If you’ve been browsing seed catalogs lately, you may have noticed that many varieties have completely sold out, and some companies have stopped taking orders from gardeners entirely. There are reasons for seed shortages and ways to get access to the seeds you need.
Is there really a seed shortage?
The seed shortages we are seeing reflected on seed company websites are complex, and don’t necessarily mean that there is an actual shortage of seeds. There are many factors playing into the “sold out” messages on some of our favorite varieties. Some of those factors include:
A surge in demand
Last year, we saw unprecedented seed sales at the onset of COVID-19, and companies struggled to keep up with demand. Griffin, a large horticultural supply company, conducted a survey of 1,000 first time gardeners in 2020, and 80% of them said that they would probably or definitely continue gardening in 2021. Based on early seed sales in 2021, it seems that the resurgence in gardening is indeed going to continue this year.
Many companies responded to the pandemic by ordering more seed for 2021. Seed companies buy from farmers, who grow crops specifically for seed, and so this meant bringing in new growers and asking current growers to produce more seed for this year. However, many of these contracts are negotiated early in the year (pre-pandemic in 2020), so some companies may not have been able to account for the increased demand last year. These companies tend to keep plenty of seed in stock so they do not run out entirely, and have had more time to account for increased demand in 2021.
Delays in packing
Seed companies tend to store seeds in bulk, and repackage them into seed packets throughout the year. Due to COVID-19 workplace safety precautions, this process has been slow for many companies.
While many seed companies anticipated higher demand, they continue to operate more slowly than they would in non-pandemic conditions, which means it can be difficult to keep up with orders. Smaller seed companies may just have 1 or 2 people processing orders, so with increasing demand, it’s both hard to keep up and hard to predict availability.
Every year we see seed shortages with specific varieties. Because seed has to be grown in the natural world, insects, diseases, hail, floods and droughts can have an impact on crops grown for seed.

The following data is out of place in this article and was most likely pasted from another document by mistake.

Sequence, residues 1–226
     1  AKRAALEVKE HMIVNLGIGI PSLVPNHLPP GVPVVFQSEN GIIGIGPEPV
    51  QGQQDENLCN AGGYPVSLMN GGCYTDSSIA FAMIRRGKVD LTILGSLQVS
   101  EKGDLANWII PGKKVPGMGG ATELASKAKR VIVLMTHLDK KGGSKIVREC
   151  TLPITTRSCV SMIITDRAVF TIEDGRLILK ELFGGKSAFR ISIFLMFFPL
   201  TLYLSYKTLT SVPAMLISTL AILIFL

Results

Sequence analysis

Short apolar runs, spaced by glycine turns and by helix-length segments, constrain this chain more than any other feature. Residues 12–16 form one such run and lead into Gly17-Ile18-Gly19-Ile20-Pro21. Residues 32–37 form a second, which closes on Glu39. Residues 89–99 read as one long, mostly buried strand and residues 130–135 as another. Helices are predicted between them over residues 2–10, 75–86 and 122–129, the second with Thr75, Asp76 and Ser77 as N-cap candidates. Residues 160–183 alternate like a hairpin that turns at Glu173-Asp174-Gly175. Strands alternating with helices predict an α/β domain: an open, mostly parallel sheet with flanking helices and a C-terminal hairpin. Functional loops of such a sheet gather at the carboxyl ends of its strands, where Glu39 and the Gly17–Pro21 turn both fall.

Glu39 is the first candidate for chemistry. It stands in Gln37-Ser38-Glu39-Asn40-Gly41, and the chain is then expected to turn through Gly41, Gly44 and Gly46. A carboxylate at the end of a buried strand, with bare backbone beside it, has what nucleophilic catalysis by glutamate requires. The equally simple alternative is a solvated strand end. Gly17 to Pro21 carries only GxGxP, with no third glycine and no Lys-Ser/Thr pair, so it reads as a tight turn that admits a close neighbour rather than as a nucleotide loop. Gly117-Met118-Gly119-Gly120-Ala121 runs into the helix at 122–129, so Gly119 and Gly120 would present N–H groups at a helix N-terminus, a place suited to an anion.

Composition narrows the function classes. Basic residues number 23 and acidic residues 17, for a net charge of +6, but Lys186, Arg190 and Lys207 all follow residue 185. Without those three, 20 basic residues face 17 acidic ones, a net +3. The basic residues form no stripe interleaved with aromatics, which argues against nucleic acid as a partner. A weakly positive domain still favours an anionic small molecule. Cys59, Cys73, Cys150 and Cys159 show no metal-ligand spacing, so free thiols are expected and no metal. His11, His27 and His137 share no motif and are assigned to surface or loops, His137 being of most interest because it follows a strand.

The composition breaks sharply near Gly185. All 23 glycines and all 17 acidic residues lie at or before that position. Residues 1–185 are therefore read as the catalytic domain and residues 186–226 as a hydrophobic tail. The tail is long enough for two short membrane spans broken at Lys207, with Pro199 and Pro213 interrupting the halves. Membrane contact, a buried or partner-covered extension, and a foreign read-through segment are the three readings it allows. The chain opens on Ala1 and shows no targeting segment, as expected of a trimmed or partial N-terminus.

If there are only a few growers of a certain variety of carrots, and one of them loses a substantial portion of their crop, there will likely be a shortage of that variety in the following year. However, there will be plenty of other varieties to choose from.
As you’re looking at seed catalogs and seeing that many of your favorite varieties are sold out, or perhaps one of your favorite companies is no longer selling to gardeners, do not panic. The seed supply is not depleted, it has simply been a challenging year to manage increased demand.
Where can you still find seeds?
- Support your local gardening store. Even if some seed companies are not selling directly to gardeners, you can still find their seeds on racks at many of your local gardening stores and grocery stores.
- Attend a seed swap! See if your community has a local seed library, or a seed saving group. Many seed saving groups are doing online seed swaps this year and finding creative ways to share seeds safely with community members.
- There are still plenty of seeds available through seed company websites, you may just need to be a bit flexible with variety selection if one you want has sold out, or buy it from a different vendor.
- Explore smaller seed companies. Many gardeners use the same 3 or 4 companies every year to purchase seeds. But there are so many local and regional seed companies to choose from! Some Minnesota vegetable seed companies include: Jordan Seeds, North Circle Seeds, and Superior Seed Company (it’s very possible there are more that I am not familiar with).
I have extra seeds. How can I share them with others?
Many growers only have space for a few plants of each variety, but the minimum number of seeds in a seed packet is often 25-100. This means that if you’ve ordered seeds this year, you may have plenty of extras to share.
If you have leftover seed from last year, they should be fine to plant and share again. Consider planning a seed swap with neighbors or putting up a little free seed library. If you have extra space to start seeds indoors, you might even consider starting seeds and sharing transplants with your neighbors. Make sure to label everything well.
If your seeds are saved from your garden, only share seeds from healthy plants so that you’re not transmitting any pathogens to your neighbors. Hot water treatment can help to prevent many diseases from spreading via seed.
If you do not currently save seed, take some time this year to learn about seed saving and consider saving some of your seeds in 2021.